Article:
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Should GMOs be allowed into Nepal? The recurring debate is unlikely to settle soon

In 2020, Nepal imported genetically modified soya beans meal worth almost $27 million from the US. This was quite a shock as the Supreme Court, in 2014, had put a ban on the import of all genetically modified organisms (GMOs) until the government came up with a policy regarding its importation.

Despite that, genetically modified organisms (GMOs) have been coming to Nepal with ease. In the past five years, Nepal has imported over 2,500 metric tons of canola used to produce mustard oil and over 6,000 metric tons of corn, mostly used as fodder for cattle.

While the jury is still out on whether GMOs are good or bad, the importation of these products in Nepal despite the ban by the Supreme Court has been a cause for concern. To curb this, in August, the Plant Quarantine and Pesticide Management Centre under the Ministry of Agriculture and Livestock Development sent letters to all importers to provide a non-GMO certificate while applying for an import permit. But, due to ‘external pressure’, it did not take long for the ban on canola, soya bean and corn to be lifted, making it legal for it to come into Nepal as the centre issued another notice in September.

All these developments have sparked another round of debate on whether Nepal should allow GMOs, but it is unlikely to settle this time also, as experts suggest the country lacks control and research infrastructure to decide their usability and control bad practices.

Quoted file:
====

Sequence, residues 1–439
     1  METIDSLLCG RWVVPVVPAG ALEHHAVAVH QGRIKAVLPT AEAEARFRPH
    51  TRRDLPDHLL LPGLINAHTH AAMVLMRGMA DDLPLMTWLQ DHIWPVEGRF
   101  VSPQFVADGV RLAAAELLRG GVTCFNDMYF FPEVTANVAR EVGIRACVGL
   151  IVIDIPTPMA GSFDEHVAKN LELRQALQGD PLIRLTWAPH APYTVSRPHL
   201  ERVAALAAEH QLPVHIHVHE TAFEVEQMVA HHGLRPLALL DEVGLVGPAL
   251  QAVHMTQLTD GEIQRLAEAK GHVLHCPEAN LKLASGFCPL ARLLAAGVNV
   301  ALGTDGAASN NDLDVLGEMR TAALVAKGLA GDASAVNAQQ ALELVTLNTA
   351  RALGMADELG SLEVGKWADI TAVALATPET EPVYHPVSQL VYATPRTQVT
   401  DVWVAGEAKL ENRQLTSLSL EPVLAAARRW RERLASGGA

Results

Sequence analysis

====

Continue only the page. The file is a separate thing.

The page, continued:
Is the lifting ban good?

Scientists believe that GMOs are the future but they say that its due research must be conducted in Nepal. Photo: Wikkimeida Commons

Mahesh Chandra Acharya, a senior officer at the Plant Quarantine and Pesticide Management Centre, says the centre recommended that the ban on these items be lifted because it wanted to regulate the import of such crops.

“The GMOs are entering the country haphazardly without our permission, but we want to regulate it. This was the only way that we could do it as it would require these traders permission from our office to order any of these from abroad,” says Acharya.

While this move has drawn some criticism, Acharya says this had to be done to ensure the authority would find out who exactly is bringing in these GMOs and for what purpose.

“The data suggest a lot of GMO products, especially canola and corn, are coming into the country. But, most of these have come in without our permission. All of this happened behind our back as other government organisations gave permission to the traders to bring such GMOs,” he says.

But, this is dangerous, says Shree Bhagavan Thakur, who specialises in plant breeding. He says that as there is a misperception about GMOs in Nepal, statements like these do not help.

Was the ban effective?

But despite the ban, GMOs have continued to come to Nepal. A source at the Ministry for Agriculture, on the condition of anonymity, tells Onlinekhabar that government bodies like the Department of Food Technology and Quality Control are bypassing Plant Quarantine and Pesticide Management Centre and allowing people to bring in GMOs.

But, Mohan Krishna Maharjan, the information officer at the Department of Food Technology And Quality Control, says it is not true and it has not given permission to bring GMO products.

“We don’t deal with this. Our job is to maintain the safety and quality of food and feed products in the country by implementing updated food and feed acts and regulations,” says Maharjan, who adamantly states his office only monitors processed food and not others.

Even though Acharya from the Plant Quarantine and Pesticide Management Centre does not say that the department has been bypassing them, he does agree GMO imports in Nepal has increased since the 2014 Supreme Court verdict. He says that the major reason this is happening is due to a lack of coordination between government bodies.